No Laughing Matter for Stooges’ Heirs : Suit Says Families Are Not Getting Fair Share of Profits


Joe (Curly Joe) DeRita was one of the Three Stooges for more than a decade, but when his share of merchandising profits dropped to $34.65 this spring, his wife decided that was one slap too many. As her ailing husband lay in a hospital last month, Jean DeRita filed suit.

She and the grandchild of another member of the Stooges say they have been cheated out of $5 million in income by the heirs of a third Stooge, who call the dispute just “a sour grapes pie in the face.”

Both sides are scheduled to appear Friday in Glendale Superior Court. The legacy of the slapstick comedy trio has come down to an all-too-familiar Hollywood squabble over profits, rights to a name, and whether an oral agreement to share earnings equally ever existed.


Jean DeRita and Kris Cutler, the granddaughter of Larry Fine, are seeking a court injunction to freeze funds until there is a trial and an accounting of money from defendants Joan Maurer, Jeffrey Scott and Norman Maurer Productions.

Scott and Maurer are the grandson and daughter of Moe Howard, the act’s former second banana who took over after the departure of Ted Healy in the early 1930s. In recent years, they have run the company that distributes the Three Stooges’ profits and Scott, 40, is developing a new film, television and stage show.

Joe DeRita was the fourth man to join the trio, playing the role of Curly as a fat and helpless fall guy. He did not perform in any of the pre-1950s comedy shorts that feature Jerome (Curly) Howard and are largely responsible for the Stooges’ fame, but acted in feature films made during the 1960s, following a revival sparked when the shorts were released to television.

Moe Howard and Fine died in 1975, and Joe Besser, another Stooge, died in 1988, leaving DeRita as the last surviving Stooge. Early this month, the 83-year-old actor--felled by strokes and unable to recognize his wife--died at the Motion Picture and Television Hospital in Woodland Hills.

“I needed the money so desperately for Joe’s medical bills,” Jean DeRita, 75, said recently at her Burbank home as she displayed pictures of Curly Joe in his days as a burlesque, vaudeville and movie performer before joining the Stooges in 1958. A ceramic turtle created by Fine sat on a table, signed: “Made by Larry.”

But Donald Zachary, the attorney for Scott, said this week: “Every penny owed has been paid.”

Zachary insists that Moe Howard alone legally owned the Stooges’ name and transferred it--along with exclusive film rights--to his heirs.

Jean DeRita said that Moe assured her and her late husband: “Joe gets what I get and Larry gets.”

Jean DeRita, a former Hollywood dancer, had known her husband long before he became a Stooge but did not marry him until after he joined the trio.

By then, television had made the head-bopping, eye-poking team a hit with children, said Gary Lassin, president of the 2,300-member Three Stooges Fan Club. “They became a kids’ act,” he said. “That was a big transformation because they never were a kids’ act before.”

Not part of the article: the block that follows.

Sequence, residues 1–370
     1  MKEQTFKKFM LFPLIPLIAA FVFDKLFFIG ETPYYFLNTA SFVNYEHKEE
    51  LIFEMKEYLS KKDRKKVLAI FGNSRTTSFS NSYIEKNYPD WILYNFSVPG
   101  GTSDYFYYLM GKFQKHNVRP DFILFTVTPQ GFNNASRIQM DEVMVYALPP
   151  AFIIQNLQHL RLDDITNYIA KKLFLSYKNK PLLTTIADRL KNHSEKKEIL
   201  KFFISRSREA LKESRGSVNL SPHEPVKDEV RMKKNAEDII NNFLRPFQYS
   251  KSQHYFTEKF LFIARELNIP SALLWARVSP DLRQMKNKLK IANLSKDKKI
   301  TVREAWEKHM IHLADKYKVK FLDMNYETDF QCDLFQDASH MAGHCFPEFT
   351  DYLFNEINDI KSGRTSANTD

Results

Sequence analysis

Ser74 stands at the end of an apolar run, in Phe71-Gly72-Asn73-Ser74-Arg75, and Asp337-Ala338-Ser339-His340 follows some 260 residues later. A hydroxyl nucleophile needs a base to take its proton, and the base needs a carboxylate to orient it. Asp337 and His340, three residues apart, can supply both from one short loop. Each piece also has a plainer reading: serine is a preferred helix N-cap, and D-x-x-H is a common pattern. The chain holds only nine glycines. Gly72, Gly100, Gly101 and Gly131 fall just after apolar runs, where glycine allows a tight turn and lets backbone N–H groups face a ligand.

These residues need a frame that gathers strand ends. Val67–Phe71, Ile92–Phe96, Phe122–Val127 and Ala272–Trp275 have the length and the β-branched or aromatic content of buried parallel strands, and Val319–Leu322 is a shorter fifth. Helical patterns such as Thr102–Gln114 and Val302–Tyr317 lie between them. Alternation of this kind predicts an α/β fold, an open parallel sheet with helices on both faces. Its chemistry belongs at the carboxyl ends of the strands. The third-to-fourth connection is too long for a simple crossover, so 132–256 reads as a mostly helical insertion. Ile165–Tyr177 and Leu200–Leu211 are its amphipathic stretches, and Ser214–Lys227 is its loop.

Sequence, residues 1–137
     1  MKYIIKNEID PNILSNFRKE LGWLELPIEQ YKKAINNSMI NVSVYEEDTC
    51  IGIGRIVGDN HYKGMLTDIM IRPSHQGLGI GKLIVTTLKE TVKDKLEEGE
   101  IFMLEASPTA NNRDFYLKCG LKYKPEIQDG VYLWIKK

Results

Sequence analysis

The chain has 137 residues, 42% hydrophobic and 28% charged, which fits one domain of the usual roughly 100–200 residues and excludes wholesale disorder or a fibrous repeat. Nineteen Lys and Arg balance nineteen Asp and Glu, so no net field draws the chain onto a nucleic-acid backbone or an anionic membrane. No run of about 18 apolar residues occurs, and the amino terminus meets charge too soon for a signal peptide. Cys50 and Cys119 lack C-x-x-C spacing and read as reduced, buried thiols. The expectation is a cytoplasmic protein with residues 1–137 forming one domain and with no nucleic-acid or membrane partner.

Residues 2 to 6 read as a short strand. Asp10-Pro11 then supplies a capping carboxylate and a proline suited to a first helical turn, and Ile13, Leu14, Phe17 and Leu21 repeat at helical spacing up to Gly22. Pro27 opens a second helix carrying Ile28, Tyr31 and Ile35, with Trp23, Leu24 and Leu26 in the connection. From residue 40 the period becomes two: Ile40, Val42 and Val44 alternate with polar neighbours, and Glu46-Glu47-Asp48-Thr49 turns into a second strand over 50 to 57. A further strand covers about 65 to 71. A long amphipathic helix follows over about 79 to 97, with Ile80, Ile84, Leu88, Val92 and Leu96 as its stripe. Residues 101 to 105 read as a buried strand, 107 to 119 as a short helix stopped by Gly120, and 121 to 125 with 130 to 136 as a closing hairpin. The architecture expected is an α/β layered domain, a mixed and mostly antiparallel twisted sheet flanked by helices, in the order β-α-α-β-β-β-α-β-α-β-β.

Among the Stooges’ new generation of fans were Jean DeRita’s two sons by her first marriage. Then divorced and living in Ohio, she told her boys that she knew Curly Joe from her performing days in the 1940s, she recalled, “but they didn’t believe me.”

One day, when the trio was touring Ohio, he showed up at their home. Jean DeRita recalled: “You should have seen their faces.” The pair married in 1966, and her two sons, now attorneys, are handling her case.

The lawsuit centers on what agreements were made to divide the money from old or new Stooges films or licensing agreements.

Jean DeRita said her husband bought the rights to his role from the heirs of Curly Howard, probably the most popular Stooge and creator of the classic: “Nyuk, nyuk, nyuk.”

According to Jean DeRita’s son Robert Benjamin, an oral agreement between his stepfather, Howard and Fine provided that “any money that went to the Three Stooges was split three ways.”

That pattern of payments endured for more than 25 years, Benjamin said, until Maurer’s husband died and she and Scott took over.

But as Zachary sees it, the Stooges were not equal. Scott said he found a 1959 document signed by Joe DeRita saying he would take 25% in earnings only when his likeness was used. As Curly Howard’s face became more commonly used on memorabilia in recent years, Zachary said, his clients determined that DeRita was being overpaid.

The company began cutting payments to Joe DeRita in 1988. At that time the retired performer, though ill, still had his mental faculties, Jean DeRita said, and did not agree with Scott’s interpretation. Annual payments, she said, had ranged over the years from a few thousand dollars to more than $35,000.

Cutler, 38, joined their side because she noticed that her share of profits as Fine’s grandchild “got smaller and smaller.” The Burbank resident, who works for an insurance company, obtained a partial accounting showing that Norman Maurer Productions kept 90% of film income payments ranging up to $481,695. But her last check was for $1,000, she said.

Both sides say the Stooges always got along and that the dispute has soured that memory.

“To have things said that are not true is very hurtful,” Maurer said. “I would like my day in court.”